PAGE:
Present information in a logical way
Your copy should make sense from your user’s entry point right up until they stop using your product or website. It should also be synced with navigation.
Your product might be presented on your homepage, but not everyone will land there. Some users might come to your site through your blog posts. You should offer them a way to smoothly transition to your homepage at the right moment.
When someone is starting to use your product, you want the onboarding experience to be as smooth as possible. Give them the most important information first and deliver it piece by piece. New users rely on the UX design and UX copy to guide them through the process. Never assume that they know more than you’ve told them up until this point.
Presenting information in a logical way is a huge step towards clarity. As is the next tip…
Adopt web conventions
This one is fairly simple. Users have certain expectations and following them makes your copy clearer and often easier to read. Hyperlinks should be underlined, headlines made bigger, important phrases emboldened, etc. Messages and phrases should be consistent. There’s no need to reinvent the wheel. If you don’t follow best practices, you’ll confuse and lose some users.
Alright, by now you know that our goal is to make your user’s experience as hassle-free as possible. That’s why you need to anticipate their problems and solve them before they actually occur.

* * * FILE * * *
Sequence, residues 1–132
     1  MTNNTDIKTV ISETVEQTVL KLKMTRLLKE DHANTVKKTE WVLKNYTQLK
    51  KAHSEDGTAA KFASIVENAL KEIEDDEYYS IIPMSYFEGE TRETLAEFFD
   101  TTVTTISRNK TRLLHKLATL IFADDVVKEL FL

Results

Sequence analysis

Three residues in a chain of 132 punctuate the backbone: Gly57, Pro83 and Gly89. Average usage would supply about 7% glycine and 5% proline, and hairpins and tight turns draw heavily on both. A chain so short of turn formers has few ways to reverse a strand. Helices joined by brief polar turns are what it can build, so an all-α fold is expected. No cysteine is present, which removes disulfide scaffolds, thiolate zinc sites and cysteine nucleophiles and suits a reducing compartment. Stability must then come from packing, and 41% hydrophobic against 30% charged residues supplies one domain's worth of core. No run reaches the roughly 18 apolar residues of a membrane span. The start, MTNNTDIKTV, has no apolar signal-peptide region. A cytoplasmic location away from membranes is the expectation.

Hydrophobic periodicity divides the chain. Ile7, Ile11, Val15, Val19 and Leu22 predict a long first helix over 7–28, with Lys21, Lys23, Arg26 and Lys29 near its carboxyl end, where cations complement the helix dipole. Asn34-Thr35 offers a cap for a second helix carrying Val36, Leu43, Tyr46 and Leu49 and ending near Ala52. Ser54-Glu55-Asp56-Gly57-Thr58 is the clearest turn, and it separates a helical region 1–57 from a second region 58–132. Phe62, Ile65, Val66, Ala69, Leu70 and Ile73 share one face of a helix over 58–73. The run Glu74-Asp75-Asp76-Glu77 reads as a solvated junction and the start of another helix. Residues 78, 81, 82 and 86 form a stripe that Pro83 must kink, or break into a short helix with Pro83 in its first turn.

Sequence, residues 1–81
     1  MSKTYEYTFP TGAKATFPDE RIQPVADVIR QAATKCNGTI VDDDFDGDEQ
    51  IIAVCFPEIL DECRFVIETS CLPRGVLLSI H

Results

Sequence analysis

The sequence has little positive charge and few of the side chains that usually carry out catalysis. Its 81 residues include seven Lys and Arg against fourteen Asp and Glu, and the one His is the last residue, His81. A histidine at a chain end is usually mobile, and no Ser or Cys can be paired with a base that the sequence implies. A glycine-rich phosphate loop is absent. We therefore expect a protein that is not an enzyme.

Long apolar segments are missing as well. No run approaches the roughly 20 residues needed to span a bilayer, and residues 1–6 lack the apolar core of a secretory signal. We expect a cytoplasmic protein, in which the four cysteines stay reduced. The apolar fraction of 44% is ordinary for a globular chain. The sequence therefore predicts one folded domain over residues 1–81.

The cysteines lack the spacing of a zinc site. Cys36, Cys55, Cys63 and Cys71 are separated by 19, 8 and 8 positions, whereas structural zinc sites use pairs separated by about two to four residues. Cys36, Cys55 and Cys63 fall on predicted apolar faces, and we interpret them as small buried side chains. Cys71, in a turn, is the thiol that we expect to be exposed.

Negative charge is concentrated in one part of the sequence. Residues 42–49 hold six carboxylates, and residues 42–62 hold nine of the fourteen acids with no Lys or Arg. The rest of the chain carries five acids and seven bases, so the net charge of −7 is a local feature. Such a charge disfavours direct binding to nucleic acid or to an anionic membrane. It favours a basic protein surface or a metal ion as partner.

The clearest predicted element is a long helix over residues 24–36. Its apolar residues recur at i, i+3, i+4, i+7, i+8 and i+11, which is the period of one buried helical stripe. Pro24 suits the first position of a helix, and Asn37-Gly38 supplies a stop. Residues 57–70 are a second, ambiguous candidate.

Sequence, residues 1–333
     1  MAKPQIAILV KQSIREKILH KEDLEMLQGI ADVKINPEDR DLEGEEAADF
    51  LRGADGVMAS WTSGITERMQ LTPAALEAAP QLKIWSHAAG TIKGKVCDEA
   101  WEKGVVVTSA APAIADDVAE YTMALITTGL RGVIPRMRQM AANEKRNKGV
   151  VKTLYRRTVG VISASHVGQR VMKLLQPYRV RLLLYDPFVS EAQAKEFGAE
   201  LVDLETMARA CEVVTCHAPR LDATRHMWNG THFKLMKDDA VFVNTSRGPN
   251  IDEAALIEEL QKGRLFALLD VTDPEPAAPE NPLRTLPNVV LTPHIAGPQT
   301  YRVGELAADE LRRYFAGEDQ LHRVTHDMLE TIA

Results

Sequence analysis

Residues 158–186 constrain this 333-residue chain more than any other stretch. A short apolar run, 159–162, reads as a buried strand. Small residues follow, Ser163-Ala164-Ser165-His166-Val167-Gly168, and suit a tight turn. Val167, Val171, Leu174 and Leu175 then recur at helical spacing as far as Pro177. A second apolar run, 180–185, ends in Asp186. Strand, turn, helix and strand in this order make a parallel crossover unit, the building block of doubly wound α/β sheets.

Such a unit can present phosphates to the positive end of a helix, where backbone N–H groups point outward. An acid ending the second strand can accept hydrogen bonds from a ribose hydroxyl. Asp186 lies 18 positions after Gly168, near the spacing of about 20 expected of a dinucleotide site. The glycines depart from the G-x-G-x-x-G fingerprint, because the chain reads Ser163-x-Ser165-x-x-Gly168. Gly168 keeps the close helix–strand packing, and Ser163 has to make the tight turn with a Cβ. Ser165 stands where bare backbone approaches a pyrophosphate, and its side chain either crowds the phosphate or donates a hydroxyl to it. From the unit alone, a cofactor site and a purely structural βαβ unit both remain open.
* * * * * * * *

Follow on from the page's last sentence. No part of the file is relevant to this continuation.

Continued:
But how can you do that? By combining user research and product testing. Product testing will show you where your users struggle and get confused. It’s these steps that you need to pay special attention to and where UX copy can make or break the whole experience.
Once you think that your copy solves every potential problem…
Test your copy
Don’t just assume that your copy will aid the user well and bring them to the desired action. Real data can show you whether your UX copy is doing its job or if another version can do it better.
Switching just a couple of words can make a massive difference. If you’re not sure which copy will perform better, A/B test it. “Download your PDF” or “Get your free PDF” both look similar enough, but in reality they might convert visitors into leads at a very different rate.
Of course, A/B tests are not the only type of testing that you should do. Ask people from your target audience to read the copy, observe them, and ask them for their opinion once they’ve finished.
Tools like Hotjar are also worth considering, as they show you what elements your visitors pay attention to and where you should put your main bits of UX copy.